(Updated) For the third consecutive summer, hundreds of people are expected to fill downtown Tampa’s County Center Tuesday night for a prime-time edition of the Hillsborough County Metropolitan Planning Organization’s monthly meeting.
They will specifically address the MPO’s Transportation Improvement Project update (TIP), a list of transportation projects in Hillsborough County to be funded over the next five years.
Inside that TIP for the third year in a row is the Tampa Bay Next project, formerly known as Tampa Bay Express (TBX), and still controversial more than two years after the Florida Department of Transportation initially presented it to the public.
As previously presented, The TBX project was the biggest public works project in the history of the Tampa Bay area. The plan would ultimately remake I-275, I-4, and I-75, and bring new toll lanes from Pasco County south to Manatee County and from Pinellas County east to Polk County.
Critics have contended that the plan would negatively impact a low-income and minority area of Tampa, who had little input on what was happening in their neighborhood.
The Tampa Bay Times reported a year ago that 80 percent of the registered voters living at properties that Florida’s Department of Transportation plans to demolish are black and Latino.
In December, now former FDOT Secretary Jim Boxold told a state Legislative Committee that it was time to hit the reset button on TBX.
“We probably have 2-3 years before that project is what we call ‘production ready,’ ready to turn dirt,” he said at the time. “And so we’re going to sort of hit the reset button, bring in additional staff or different staff to manage that project and work more intensively with the local communities.”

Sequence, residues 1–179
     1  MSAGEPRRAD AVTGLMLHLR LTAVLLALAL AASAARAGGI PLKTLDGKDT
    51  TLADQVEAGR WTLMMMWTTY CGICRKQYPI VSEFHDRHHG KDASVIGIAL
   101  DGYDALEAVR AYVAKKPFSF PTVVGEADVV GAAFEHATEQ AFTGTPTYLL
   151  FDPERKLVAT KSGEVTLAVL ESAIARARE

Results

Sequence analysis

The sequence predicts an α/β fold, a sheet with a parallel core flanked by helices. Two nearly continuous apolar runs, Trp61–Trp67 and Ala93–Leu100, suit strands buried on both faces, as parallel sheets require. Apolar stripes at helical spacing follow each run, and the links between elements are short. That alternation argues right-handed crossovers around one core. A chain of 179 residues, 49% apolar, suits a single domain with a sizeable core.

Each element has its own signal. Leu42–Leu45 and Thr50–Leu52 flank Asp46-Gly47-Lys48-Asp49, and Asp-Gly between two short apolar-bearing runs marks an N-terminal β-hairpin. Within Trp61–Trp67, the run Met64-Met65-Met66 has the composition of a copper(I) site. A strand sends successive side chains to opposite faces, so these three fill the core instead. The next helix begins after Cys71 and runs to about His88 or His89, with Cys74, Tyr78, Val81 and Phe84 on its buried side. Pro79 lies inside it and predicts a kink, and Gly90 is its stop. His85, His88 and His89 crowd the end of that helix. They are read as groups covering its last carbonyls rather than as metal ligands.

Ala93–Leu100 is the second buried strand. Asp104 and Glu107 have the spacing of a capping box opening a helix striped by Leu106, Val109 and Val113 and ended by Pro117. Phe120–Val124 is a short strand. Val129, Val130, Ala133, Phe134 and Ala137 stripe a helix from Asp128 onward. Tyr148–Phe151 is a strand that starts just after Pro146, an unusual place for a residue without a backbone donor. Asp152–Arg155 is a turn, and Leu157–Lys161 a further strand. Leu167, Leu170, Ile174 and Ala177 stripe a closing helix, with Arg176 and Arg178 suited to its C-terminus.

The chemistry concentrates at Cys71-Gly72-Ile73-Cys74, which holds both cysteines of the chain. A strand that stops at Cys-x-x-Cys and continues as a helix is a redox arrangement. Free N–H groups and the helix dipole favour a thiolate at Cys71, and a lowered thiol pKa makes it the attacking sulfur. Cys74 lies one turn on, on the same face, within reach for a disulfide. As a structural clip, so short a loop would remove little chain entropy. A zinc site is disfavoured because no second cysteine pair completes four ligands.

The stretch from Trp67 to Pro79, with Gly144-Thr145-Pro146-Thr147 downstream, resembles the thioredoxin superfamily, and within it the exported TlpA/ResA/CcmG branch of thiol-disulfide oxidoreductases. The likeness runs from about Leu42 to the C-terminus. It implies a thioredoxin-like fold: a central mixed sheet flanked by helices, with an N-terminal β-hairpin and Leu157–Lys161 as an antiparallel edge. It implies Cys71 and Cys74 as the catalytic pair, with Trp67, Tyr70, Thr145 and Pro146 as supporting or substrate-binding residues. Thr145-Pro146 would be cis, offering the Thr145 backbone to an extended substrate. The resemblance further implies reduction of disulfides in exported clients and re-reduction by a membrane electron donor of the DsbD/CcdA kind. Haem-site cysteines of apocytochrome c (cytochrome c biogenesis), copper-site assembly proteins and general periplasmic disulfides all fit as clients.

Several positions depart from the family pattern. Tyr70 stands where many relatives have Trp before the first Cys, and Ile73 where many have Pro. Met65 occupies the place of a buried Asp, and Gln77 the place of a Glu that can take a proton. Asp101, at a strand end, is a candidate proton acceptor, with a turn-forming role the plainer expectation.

Boxold is no longer with the DOT; Nor is district secretary Paul Steinman and district director of transportation development Debbie Hunt, the public face of the project in recent years.
At the first public unveiling of the Tampa Bay Next project last month, an FDOT consultant said that the toll lanes portion of the project were “under re-evaluation.”
“FDOT is doing exactly what everybody asked them to do last year,” said Danielle Moran, program consultant for FDOT on the Tampa Bay Next project. “They have slowed down the pace of the project to wait for the results of the Transit Feasibility plan.”
That study recently came up with five transit routes that are being considered a “starting point.”
Michelle Cookson is with the activist group Sunshine Citizens, a coalition formed to oppose TBX.
“Even though the FDOT has claimed we are in a ‘reset’ and has rebranded the highway project, it is still very much alive within their new Tampa Bay Next initiative and is called out for funding in the TIP plan being reviewed and voted on this evening,” she told SPB in an email Tuesday morning.
“We have always pointed out that the old days of private meetings with special interest groups and then sending them out as ‘project champions’ to sell the public are over,” Cookson says. “When $6-9 billion of our tax dollars are at stake, we need to see accountability and true transparency.”
Cookson also complains that FDOT has not explained to the public what exactly the new process that TBX/Tampa Bay Next actually is or how long it will last.
The meeting is scheduled to begin at 6 p.m. and end, well, that’s uncertain at this time. MPO officials say that all persons wishing to speak must sign in no later than 8 p.m.
Last year’s meeting lasted more than eight hours, ending after 2 a.m.
The County Center is located at 601 E. Kennedy Blvd. in Tampa.